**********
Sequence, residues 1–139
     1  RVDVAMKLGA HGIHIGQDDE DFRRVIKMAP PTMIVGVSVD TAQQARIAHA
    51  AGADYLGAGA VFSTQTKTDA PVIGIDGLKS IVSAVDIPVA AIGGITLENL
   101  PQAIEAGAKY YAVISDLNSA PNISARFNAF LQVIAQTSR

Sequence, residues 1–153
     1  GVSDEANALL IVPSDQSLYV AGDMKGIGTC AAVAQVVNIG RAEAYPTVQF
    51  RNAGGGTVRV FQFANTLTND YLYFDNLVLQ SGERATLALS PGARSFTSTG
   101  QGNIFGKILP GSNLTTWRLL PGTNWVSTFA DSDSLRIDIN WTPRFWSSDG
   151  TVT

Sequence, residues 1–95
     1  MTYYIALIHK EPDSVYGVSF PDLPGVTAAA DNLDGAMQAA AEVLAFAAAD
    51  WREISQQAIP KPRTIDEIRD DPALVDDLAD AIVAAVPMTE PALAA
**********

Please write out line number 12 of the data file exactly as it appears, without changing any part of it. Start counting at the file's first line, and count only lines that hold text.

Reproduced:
    51  WREISQQAIP KPRTIDEIRD DPALVDDLAD AIVAAVPMTE PALAA